I then paired the students with another child in their same table group to work on the same 4 cards each day (or you could do 2 or 3 cards depending on how much time you have to devote to your warm up or daily review).  They don't work on the card together (although you could have them do so), they simply share the cards and then compare and check answers at the end of the warm up time.  This gives students some freedom to work at their own pace, since there are four cards divided between two students.  They can also work ahead in their file folder if they have extra time.

We tried this out today, and it worked beautifully!  Tomorrow, they will grab their same folder and select a different set of four cards to work on.  They will still be working on the same SET of task cards, just another range of cards. I love how they are reviewing different skills each day, but changing it up a bit from a normal warm up.



You can do this with absolutely any set of task cards and any subject.  Next month, I am going to put several different sets of task cards in the folders so that they have even more review.

You could easily differentiate it as well with your grouping...put all of the kids who need to review a specific skill in one group, or the kids who need enrichment in another skill in a different group, and they can work on a different set of task cards.

The task cards that my students are working on in these pictures are my Valentine's Day Mixed Math Review Task Cards.



You can see my other math task cards HERE.
Tuesday, January 28, 2014

Using Task Cards as a Whole Class Review

At one point or another, I think we have all played Jeopardy with our classes.  It's fun, the kids love it, and it's an easy way to review!  I always struggle with keeping all of the kids engaged, and we needed to do a review of fraction operations and skills, so I threw together my own version of the game using some of my task cards.

I was on the hunt for a pocket chart, and one of my sweet colleagues had one that was MADE for this kind of thing.  It is only $4 on Amazon HERE.  I didn't need the question cards it came with, but it's perfect for the size of my quarter page task cards.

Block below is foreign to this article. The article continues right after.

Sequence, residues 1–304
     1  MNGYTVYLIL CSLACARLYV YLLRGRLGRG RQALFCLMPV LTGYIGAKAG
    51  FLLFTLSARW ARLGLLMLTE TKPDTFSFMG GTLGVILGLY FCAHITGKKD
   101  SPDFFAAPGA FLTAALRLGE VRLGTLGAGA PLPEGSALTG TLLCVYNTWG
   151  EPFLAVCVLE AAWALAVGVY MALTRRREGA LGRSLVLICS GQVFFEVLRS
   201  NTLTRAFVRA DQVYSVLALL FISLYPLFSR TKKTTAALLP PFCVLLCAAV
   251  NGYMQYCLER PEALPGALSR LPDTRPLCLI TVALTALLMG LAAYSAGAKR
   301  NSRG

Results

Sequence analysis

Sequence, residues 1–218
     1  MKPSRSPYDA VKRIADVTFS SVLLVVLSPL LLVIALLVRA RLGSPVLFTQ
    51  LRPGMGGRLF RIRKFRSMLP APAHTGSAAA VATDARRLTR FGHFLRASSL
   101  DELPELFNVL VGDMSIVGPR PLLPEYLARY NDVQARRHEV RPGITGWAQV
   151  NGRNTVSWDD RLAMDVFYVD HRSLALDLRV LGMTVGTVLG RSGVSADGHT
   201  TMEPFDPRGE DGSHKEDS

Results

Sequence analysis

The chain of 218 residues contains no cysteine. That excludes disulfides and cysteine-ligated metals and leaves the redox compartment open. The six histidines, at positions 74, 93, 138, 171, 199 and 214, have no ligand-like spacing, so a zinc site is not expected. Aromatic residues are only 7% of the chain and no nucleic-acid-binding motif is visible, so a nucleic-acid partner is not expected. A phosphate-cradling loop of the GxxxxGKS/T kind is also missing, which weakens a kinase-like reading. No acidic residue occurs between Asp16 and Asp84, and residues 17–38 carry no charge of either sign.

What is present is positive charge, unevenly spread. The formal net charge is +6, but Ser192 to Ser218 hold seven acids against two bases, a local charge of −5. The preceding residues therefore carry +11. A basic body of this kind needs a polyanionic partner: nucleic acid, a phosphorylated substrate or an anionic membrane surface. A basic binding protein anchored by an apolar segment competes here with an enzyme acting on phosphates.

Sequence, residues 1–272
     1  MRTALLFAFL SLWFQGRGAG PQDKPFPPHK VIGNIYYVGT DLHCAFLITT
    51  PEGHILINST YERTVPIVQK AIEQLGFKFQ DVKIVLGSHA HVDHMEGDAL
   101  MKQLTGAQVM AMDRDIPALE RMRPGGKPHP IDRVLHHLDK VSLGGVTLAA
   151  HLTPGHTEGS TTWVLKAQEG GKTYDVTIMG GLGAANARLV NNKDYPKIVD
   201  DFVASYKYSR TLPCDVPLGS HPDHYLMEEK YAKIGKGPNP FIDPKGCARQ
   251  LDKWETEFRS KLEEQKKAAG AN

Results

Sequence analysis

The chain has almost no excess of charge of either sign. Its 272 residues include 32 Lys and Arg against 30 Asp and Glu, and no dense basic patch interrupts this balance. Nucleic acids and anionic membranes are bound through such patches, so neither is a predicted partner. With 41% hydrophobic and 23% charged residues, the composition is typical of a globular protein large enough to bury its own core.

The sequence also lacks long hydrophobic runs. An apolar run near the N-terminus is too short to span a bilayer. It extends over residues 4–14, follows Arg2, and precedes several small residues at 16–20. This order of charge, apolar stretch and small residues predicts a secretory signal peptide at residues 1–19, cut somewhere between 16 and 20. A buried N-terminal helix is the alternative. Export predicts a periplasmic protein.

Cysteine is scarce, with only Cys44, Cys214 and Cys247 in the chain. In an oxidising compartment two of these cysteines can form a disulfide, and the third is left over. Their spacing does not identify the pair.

I set up the game board to include a wide variety of fraction problems including all of the operations, mixed skill review (comparing, simplifying, mixed numbers, etc.) and word problems.  I put a task card in each slot, with increasing difficulty and level of critical thinking needed to answer the problem. I covered each card with a point value ranging from 100-500.
 
Here is a look at my board...
 
Here is a look at the board before I put the point value cards on top.



I knew I needed a way to make sure everyone was involved in the game and that each group wasn't only as strong as its strongest member and vice versa.  So, I changed things up a little bit.  Each group of students (I had 5 groups) had a silly card (named so by my students).  This silly card rotated through the group each round, and whoever had the card was in charge of reporting out their answer, and being able to explain how they arrived at their answer.  The group had to work together to solve the problem, but only the person with the card could go up and present the answer.

 
I got a little goofy with their titles, but they thought they were hilarious and lauged at me a little bit. :)
 
I also made a recording sheet that mirrored the gameboard.  Underneath each answer space was a smaller space divided in two sections.  In one section, they had to initial who was in charge of the answer, and on the right side they recorded their points.
 

I also kept them all engaged by giving each group a chance to get points each round, regardless of whether or not they were first done with the answer.  This was also me being sneaky and adding in some more multiplying fractions, and it worked!  More about the points later...

I started by selecting the first category and value and then the winner of each round got to select it from that point on.  I did a 3,2,1 countdown and put the task card on the document camera for the students to read and solve themselves.
Here's a look at one of the cards being projected up on the white board.  You can see the others we had already done underneath this one.

When the reporter and the group had solved the problem, they wrote their answer on their answer sheet.  The reporter had to walk (not run, slide, jump, or dive) up to the board and stand on one of five spots.  The first person to be done stood on spot one, second on spot two, and so on and so on.  I loved this part because it got them up and moving, and different combinations of kids were at the front each time.


A star on my (very dirty) carpet for a representative from each group to stand on when they finished the card.